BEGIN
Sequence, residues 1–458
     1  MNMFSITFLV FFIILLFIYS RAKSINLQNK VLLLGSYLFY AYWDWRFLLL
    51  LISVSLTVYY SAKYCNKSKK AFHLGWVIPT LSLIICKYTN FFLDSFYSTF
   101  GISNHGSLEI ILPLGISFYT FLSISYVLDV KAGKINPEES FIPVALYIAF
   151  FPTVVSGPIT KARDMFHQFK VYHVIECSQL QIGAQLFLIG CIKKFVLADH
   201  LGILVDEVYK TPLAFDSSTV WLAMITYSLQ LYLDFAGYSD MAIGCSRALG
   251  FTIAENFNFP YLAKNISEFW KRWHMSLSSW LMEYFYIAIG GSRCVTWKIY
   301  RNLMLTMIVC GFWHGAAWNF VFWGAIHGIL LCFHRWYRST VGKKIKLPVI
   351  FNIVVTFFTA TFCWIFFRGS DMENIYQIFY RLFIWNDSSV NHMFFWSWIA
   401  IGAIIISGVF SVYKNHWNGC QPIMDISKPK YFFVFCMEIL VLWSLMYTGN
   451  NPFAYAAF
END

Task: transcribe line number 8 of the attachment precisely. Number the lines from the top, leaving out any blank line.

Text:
   301  RNLMLTMIVC GFWHGAAWNF VFWGAIHGIL LCFHRWYRST VGKKIKLPVI